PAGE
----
When I was a teenager (Which wasn't too long ago) I too, went through the pains in which your daughter is ultimately undergoing. I do not think it's a self-seeking request for attention, and maybe saying, "on a regular-basis" is a little too frequent. My mom used to always tell me, "that your are a drama queen, and are being melo-dramatic" I believe that all young lady's go through a physical phase in some aspect, and some are just more preoccupied with it than others in their teenage years. She's just probably seeking your support in some way whether it be emotional or otherwise. (Just bare with it) Believe me, daughters's(whether they'd like to admit it or not) NEED thier mothers as a teenager and maybe she feels a little neglected by your busy schedule or whatever the reason may be, and just yearns for your love. Trust me in time all things shall pass. Just give her time to get over her-self, and things will be going back to normal before you know it!!! Best Wishes S.!!!

I had the same problem when I was your daughter's age. The doctors ran all sorts of tests and couldn't find anything wrong, they decided I had growing pains and my mom decided I was faking. Well, here it is 16 years later and I still have these mystery pains. It turns out fibromyalgia and lupas run in my family and while I haven't gotten a diagnosis, most dr's don't think there is such a thing as fibromyalgia, I do believe this is my problem. Anyway I hope this helps, there is a test for lupas and sometimes that disease can be deadly but I hope that's not the case. Sorry for the downer there and hope you and your daughter can find a solution that you both can live with.

I have definately experienced this. My son started this around 12 or 13 also. We took him to the doctor and he was healthy and didn't have any problems. (I couldn't tell you how many visits to the doctor that I paid for to tell me he was well). The good news for us is that he has seemed to some what grow out of it since high school started, but the year is only half over for us. I really do think kids go through growing pains and it is just something we have to live with and deal with. Unfortunately there is notihing that we can't do about it but be patient with our children.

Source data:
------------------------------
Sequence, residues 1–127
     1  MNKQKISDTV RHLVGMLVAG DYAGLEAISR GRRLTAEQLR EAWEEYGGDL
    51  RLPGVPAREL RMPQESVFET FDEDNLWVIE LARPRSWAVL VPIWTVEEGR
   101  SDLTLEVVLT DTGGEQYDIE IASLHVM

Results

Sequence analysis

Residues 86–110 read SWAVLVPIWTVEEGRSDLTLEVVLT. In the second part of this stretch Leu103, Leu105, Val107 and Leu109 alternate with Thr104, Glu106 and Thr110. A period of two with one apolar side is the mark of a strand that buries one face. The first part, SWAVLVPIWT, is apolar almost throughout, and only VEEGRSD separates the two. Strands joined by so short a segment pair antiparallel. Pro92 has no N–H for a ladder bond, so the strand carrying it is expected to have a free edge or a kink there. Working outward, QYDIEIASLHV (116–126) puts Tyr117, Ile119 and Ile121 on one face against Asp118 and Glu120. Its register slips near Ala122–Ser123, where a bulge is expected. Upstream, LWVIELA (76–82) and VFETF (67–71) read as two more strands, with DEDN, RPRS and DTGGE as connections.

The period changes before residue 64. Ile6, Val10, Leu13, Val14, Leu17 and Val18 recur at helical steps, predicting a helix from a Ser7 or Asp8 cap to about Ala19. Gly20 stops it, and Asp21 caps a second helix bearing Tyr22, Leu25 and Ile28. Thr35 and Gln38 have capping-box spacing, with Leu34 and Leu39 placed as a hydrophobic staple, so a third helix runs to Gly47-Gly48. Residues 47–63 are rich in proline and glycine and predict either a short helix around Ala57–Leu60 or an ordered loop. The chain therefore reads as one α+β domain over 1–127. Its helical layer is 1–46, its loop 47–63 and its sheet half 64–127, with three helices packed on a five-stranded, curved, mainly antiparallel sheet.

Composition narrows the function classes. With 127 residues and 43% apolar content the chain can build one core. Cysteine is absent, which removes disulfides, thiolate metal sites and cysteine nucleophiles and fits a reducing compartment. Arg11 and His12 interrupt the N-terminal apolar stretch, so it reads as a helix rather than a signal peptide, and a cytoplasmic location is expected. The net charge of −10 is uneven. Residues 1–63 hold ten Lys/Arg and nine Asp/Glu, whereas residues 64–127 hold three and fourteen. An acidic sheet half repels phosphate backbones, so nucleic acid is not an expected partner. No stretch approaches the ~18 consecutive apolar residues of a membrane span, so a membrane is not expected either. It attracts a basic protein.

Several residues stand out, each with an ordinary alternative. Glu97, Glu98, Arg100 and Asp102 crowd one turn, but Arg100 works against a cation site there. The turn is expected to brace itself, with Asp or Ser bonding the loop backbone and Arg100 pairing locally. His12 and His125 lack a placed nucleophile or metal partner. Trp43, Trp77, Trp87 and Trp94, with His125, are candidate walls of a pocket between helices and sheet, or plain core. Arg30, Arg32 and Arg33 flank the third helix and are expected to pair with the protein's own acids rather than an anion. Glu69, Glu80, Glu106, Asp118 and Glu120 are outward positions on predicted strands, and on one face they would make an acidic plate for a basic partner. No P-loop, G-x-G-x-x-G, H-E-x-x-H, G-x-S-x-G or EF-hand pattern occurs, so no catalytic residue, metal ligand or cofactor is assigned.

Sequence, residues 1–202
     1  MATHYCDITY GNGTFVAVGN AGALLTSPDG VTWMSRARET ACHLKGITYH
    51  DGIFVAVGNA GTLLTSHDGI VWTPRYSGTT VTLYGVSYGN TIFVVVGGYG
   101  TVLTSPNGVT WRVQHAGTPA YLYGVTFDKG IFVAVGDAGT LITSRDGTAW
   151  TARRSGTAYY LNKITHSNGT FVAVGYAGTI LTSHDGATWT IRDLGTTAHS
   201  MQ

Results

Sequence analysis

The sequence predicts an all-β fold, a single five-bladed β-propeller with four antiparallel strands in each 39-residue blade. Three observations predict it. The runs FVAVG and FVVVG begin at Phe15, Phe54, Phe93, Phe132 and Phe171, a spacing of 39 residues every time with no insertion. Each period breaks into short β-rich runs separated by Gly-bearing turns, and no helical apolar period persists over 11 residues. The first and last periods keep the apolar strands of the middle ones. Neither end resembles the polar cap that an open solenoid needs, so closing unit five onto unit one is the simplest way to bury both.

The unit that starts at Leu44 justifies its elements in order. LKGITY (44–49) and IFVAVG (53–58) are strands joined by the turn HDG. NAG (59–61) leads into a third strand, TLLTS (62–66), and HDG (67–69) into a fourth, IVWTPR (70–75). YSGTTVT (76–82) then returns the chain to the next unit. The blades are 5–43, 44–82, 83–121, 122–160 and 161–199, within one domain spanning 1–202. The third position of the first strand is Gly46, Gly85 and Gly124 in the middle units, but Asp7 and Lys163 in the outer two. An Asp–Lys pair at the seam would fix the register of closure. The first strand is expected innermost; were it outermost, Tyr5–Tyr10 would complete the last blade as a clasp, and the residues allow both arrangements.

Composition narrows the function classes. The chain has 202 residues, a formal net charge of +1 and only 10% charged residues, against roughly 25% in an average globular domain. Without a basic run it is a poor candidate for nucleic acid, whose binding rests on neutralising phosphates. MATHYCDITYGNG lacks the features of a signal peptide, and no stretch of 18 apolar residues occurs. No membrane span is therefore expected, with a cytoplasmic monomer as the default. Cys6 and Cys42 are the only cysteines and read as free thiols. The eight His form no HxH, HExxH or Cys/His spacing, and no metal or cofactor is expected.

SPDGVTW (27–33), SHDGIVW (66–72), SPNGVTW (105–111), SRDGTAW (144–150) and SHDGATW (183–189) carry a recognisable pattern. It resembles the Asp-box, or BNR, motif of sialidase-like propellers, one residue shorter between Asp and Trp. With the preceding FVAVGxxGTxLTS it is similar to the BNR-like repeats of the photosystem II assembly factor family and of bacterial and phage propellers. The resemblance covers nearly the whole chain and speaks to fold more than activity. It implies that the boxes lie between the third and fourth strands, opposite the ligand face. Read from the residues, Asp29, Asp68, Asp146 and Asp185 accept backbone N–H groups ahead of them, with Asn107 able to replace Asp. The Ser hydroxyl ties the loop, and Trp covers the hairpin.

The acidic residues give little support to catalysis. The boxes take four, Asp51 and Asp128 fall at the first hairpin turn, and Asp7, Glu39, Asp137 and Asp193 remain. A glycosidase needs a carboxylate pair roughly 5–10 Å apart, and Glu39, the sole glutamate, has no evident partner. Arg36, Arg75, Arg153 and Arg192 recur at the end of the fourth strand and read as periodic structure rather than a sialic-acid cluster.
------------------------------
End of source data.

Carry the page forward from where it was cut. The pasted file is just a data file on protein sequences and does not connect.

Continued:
I say to just get a spray bottle, fill it with water and squirt her every time she starts complaining about some imagined hurt. Taking her to the doctor all the time is just telling her that she can get more attention by telling you shes hurting. Chances are, if shes growing, shes going to be in a little pain. Thats what Tylenol is good for. But to save your pocket book from getting thinner and thinner every time you go to the doctor, have her write down all her "ailments" and take it to the doctor when its time for her yearly exam. (The squirt bottle works wonders though, try it out, you will find its fun for you and the look on your daughter's face will be priceless the first few times. I use it on my younger brother's friends when they come over and start complaining about whatever.)

I'm not sure I have any advice but can tell you my experiences. I have a daughter 16 who always has a pain. She is also seeing a psychologist and psychiatrist. The psychologist says it is psychosomatic. She is immature and can't deal with her emotions so it is exhibited through pain. I also see that if anything is a degree different than what she thinks is optimum we hear about it. It is very hard. My husband and I are afraid we will not respond to something that IS a problem. But usually the pain is not long lasting and easy to determine that it was more a complaint than an actual pain.

My daughter is now 15 but her "pains" started at 13. Like your daughter it hasn't kept her from doing the activities or sports she likes. She does some complaining and whinning about the "pains". I have not taken her to a Doctor but have put her on some very good vitamin supplements with lots of water or water beverages, encouraged her to do some stretching moves everyday. I honestly believe their bodies are growing and changing rapidly at this age and that is where the pains are coming from. They need good nutrition, stretching, and lot's of rest! It doesn't hurt to add a kiss and a hug when she say's something is hurting her. Happy Parenting!